Five local museums you may not have heard about

Learn about telephones, manuscripts, cars and Buffalo Soldiers

By Marguerite Cleveland on March 28, 2019

Tacoma has a well renowned museum district, but these five local gems are spread throughout Pierce County. Each has its own charm and captures the joy of collecting something you are passionate about.

Tacoma Telephone Pioneer Museum

Now that most people use cellphones, many children have never even seen a telephone. This museum has a collection of vintage telephones with many being the old crank-type sets. It also has the first cordless telephone from the 1961 Seattle World's Fair. 8 a.m. to noon, Thursday only, 757 Fawcett Ave. S., Tacoma, Free, 253.627.2996,

Karpeles Manuscript Library Museum

This collection of Library Museums -- there are 14 throughout the country -- holds the largest private collection in the world of historic manuscripts and documents. Parts of the collection rotate throughout the 14 museums every three months, so there is always something new to see. Highlights include the original Bill of Rights, Einstein's famous formula E = MC2 and many more. 10 a.m. to 4 p.m., Tuesday-Thursday, 407 South G St., Tacoma, Free, 253.272.2336,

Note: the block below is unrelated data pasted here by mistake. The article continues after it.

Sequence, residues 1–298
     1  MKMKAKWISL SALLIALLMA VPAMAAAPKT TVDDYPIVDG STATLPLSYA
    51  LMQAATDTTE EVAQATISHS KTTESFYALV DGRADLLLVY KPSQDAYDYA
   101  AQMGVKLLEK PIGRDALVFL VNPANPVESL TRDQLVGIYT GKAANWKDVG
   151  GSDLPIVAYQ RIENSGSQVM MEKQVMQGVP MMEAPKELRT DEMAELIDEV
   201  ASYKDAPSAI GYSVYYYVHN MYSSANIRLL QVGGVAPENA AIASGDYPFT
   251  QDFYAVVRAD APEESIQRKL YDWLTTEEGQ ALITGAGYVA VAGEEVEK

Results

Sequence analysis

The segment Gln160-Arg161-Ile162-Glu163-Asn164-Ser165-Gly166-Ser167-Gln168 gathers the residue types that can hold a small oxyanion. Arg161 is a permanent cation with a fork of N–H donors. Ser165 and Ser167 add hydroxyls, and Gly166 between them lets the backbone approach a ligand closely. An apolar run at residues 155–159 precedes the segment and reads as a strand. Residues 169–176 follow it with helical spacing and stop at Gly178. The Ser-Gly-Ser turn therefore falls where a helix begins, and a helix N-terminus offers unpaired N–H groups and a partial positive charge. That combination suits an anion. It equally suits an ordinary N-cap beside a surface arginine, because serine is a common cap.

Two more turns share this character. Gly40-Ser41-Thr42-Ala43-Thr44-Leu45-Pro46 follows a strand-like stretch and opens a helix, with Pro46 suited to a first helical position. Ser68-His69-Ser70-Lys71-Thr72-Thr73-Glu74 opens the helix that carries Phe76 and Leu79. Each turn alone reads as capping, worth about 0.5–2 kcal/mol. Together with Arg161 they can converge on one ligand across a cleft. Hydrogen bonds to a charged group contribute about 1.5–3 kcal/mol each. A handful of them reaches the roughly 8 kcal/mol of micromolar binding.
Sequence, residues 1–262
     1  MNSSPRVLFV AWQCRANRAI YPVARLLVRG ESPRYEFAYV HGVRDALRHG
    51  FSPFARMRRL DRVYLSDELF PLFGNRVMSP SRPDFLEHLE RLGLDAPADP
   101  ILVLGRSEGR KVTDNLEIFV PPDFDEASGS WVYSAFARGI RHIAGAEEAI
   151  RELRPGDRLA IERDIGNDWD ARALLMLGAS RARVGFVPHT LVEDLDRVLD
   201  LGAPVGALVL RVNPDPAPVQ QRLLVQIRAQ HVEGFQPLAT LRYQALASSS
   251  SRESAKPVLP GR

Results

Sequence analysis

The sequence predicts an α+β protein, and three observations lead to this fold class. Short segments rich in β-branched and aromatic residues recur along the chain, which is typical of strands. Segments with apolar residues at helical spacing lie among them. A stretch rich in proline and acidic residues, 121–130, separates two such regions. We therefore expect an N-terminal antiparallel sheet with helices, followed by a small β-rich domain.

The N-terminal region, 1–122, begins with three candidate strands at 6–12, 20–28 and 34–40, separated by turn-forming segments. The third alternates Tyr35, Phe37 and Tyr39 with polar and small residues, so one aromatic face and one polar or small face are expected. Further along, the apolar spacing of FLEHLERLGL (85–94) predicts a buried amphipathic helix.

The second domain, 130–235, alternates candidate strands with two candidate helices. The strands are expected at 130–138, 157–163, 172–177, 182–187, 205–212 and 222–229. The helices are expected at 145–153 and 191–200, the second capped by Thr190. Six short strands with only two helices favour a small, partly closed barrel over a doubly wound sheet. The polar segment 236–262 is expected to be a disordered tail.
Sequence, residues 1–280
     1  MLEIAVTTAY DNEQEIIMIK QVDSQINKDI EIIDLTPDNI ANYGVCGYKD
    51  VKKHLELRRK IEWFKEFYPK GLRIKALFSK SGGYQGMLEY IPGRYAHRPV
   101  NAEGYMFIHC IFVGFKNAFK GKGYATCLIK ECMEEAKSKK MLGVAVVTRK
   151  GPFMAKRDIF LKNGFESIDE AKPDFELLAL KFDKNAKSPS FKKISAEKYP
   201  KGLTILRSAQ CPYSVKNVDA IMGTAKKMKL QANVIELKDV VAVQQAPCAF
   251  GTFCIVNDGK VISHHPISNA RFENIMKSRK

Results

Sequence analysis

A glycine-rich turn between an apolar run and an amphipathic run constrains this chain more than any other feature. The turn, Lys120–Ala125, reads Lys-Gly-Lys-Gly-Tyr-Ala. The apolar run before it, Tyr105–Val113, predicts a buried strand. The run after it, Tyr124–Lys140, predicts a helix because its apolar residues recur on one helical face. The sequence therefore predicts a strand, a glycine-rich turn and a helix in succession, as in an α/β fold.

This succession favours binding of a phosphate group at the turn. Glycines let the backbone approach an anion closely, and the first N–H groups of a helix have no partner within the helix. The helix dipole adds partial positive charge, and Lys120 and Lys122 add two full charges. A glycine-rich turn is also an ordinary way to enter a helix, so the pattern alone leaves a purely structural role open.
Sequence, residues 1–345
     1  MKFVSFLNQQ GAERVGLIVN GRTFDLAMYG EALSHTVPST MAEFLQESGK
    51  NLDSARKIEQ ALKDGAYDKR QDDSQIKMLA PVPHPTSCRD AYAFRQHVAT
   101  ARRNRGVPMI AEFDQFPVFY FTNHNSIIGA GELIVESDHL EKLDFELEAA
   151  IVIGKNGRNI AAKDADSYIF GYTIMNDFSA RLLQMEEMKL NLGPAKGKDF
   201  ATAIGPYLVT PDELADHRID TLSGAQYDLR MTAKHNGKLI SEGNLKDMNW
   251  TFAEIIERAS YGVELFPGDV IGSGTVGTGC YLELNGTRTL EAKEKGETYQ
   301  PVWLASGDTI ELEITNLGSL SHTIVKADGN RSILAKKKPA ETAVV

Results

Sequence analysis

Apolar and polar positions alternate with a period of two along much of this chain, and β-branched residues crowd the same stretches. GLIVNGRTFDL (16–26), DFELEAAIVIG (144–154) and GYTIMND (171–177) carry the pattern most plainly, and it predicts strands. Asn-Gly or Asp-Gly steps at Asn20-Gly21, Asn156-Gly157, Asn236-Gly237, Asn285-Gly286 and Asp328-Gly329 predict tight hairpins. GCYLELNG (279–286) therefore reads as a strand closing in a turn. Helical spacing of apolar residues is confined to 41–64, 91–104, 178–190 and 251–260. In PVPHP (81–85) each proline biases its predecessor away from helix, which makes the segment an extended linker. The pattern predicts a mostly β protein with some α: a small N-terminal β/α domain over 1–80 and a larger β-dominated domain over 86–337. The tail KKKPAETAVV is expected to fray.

Buffalo Soldiers Museum

Jackie Jones-Hook opened the museum in 2012 to preserve the memory of her father William Jones who was a POW in the Korean War. The museum honors the legacy of the all-black regiment, the Buffalo Soldiers. The collection includes the Buffalo Soldiers assigned to Washington state. 11 a.m. to 3 p.m., Wednesday and Saturday, 1940 S. Wilkeson St., Tacoma, Free, 253.272.4257,

Job Carr Cabin Museum

Job Carr was the first citizen of Tacoma. He moved to Washington state when he was 51 and claimed 168 acres in what is now Old Town. This replica of his original cabin was built just yards away from the original site. You step back in time when you enter the cabin. Docents greet you and share stories of Old Town as well as about Job Carr and his family. Learn how the early settlers lived and worked in Tacoma. 1-4 p.m., Wednesday-Saturday, 2350 N. 30th St., Tacoma, Free, 253.627.5405,

LeMay Collections at Marymount

This is the largest of the five museums and is spread out over a former military school campus. Unlike America's Car Museum in Tacoma, the LeMay Collection really gives you a feel of who Harold Lemay was and the vastness of his collection. It really is amazing. At one point his collection was over 1,900 vehicles. In addition to the cars, you can also take a historical tour of the site. There is even a Rodin Sculpture Garden. The grounds are lovely if you want to picnic. If you feel like splurging, take a Model T driving class and learn how to handle one of these historic cars. 9 a.m. to 5 p.m., Tuesday-Sunday, 325 152nd St. E., Tacoma, $15 (discounts available), 253.272.2336,

The smaller museums have limited hours so make sure you verify before you visit.